China is taking its high-tech show on the road, looking to export its money and expertise to nearby Southeast Asia.
On the streets of Jakarta, more than 10,000 motorcycle drivers now provide ride-hailing, delivery and other services. They’re divided into two groups: those wearing mostly green jackets with black trim who work for Gojek; and those wearing mostly black jackets with green trim who work for Grab.
Jakarta-based Gojek and Singapore-headquartered Grab are the two most valuable tech startups in Southeast Asia. Competing in ride-hailing, food delivery, digital payment and other services, the two are engaged in cash-burning turf wars in Indonesia, Vietnam, Singapore, Thailand and beyond.
They are fighting to build a super app to dominate a Southeast Asia market of 600 million people.
Gojek’s investors include Chinese tech giants Tencent, Meituan Dianping and JD.com, alongside global giants like Google, Visa Inc. and KKR. Grab boasts an equally impressive list of backers, including ride services giant Didi Chuxing, sovereign wealth fund China Investment Corp. and equity investors Ping An Capital and Hillhouse Capital, alongside global backers Softbank, Toyota, Honda and Microsoft.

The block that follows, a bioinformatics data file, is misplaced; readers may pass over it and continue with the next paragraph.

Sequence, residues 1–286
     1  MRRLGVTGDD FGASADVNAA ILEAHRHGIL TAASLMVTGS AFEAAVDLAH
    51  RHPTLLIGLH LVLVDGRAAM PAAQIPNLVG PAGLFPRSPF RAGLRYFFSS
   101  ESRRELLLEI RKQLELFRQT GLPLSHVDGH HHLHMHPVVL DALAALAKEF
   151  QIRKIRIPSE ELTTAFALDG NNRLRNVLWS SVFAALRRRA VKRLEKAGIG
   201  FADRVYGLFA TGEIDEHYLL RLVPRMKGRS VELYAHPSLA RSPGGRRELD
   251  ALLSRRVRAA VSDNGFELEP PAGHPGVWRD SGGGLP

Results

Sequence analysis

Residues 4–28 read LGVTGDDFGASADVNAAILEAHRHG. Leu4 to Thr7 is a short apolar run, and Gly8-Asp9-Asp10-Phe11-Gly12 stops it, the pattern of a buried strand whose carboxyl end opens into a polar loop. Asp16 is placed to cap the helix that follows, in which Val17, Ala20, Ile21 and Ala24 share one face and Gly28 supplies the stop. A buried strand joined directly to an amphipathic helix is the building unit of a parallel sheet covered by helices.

The Gojek-Grab rivalry shows how Southeast Asia is turning into an extended battlefield between tech startups under the influence of Chinese industry giants and capital. As China’s internet sector cools following years of white-hot growth, companies and investors are turning to Southeast Asia as the next frontier, analysts say.
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